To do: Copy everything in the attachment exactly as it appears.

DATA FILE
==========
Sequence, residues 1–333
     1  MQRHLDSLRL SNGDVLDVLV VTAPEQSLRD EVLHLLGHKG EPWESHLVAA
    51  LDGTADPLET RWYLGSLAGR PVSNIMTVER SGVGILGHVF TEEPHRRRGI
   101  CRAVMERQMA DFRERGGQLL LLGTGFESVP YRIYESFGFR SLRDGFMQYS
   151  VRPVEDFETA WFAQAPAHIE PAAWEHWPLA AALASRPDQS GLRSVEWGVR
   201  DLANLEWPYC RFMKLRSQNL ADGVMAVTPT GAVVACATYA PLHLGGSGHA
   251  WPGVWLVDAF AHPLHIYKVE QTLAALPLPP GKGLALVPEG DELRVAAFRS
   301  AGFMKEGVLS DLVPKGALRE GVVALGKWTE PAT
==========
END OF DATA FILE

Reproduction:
Sequence, residues 1–333
     1  MQRHLDSLRL SNGDVLDVLV VTAPEQSLRD EVLHLLGHKG EPWESHLVAA
    51  LDGTADPLET RWYLGSLAGR PVSNIMTVER SGVGILGHVF TEEPHRRRGI
   101  CRAVMERQMA DFRERGGQLL LLGTGFESVP YRIYESFGFR SLRDGFMQYS
   151  VRPVEDFETA WFAQAPAHIE PAAWEHWPLA AALASRPDQS GLRSVEWGVR
   201  DLANLEWPYC RFMKLRSQNL ADGVMAVTPT GAVVACATYA PLHLGGSGHA
   251  WPGVWLVDAF AHPLHIYKVE QTLAALPLPP GKGLALVPEG DELRVAAFRS
   301  AGFMKEGVLS DLVPKGALRE GVVALGKWTE PAT